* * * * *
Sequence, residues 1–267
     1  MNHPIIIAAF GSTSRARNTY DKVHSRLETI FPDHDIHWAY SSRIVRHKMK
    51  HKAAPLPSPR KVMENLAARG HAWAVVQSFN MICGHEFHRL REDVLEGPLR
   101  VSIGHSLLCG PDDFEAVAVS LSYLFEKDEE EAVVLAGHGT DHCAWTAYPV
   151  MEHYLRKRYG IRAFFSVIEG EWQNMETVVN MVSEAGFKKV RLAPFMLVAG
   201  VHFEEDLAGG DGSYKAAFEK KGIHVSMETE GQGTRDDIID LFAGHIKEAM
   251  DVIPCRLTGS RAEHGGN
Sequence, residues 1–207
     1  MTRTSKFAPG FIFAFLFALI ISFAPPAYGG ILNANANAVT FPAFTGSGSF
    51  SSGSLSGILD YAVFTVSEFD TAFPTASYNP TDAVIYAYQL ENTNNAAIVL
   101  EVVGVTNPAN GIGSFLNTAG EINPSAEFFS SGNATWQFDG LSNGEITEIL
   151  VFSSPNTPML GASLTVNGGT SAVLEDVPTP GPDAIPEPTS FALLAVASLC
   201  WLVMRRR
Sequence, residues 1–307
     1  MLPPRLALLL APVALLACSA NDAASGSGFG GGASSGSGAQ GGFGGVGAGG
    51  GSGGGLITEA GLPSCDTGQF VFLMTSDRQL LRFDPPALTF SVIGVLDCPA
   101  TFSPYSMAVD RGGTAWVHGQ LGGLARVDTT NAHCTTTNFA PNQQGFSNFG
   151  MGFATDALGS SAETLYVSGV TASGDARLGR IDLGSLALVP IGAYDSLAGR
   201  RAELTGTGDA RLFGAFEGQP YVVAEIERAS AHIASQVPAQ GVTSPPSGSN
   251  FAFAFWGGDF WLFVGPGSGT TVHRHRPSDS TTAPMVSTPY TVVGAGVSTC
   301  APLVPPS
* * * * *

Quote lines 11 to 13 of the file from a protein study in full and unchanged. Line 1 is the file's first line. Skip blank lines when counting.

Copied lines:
   101  EVVGVTNPAN GIGSFLNTAG EINPSAEFFS SGNATWQFDG LSNGEITEIL
   151  VFSSPNTPML GASLTVNGGT SAVLEDVPTP GPDAIPEPTS FALLAVASLC
   201  WLVMRRR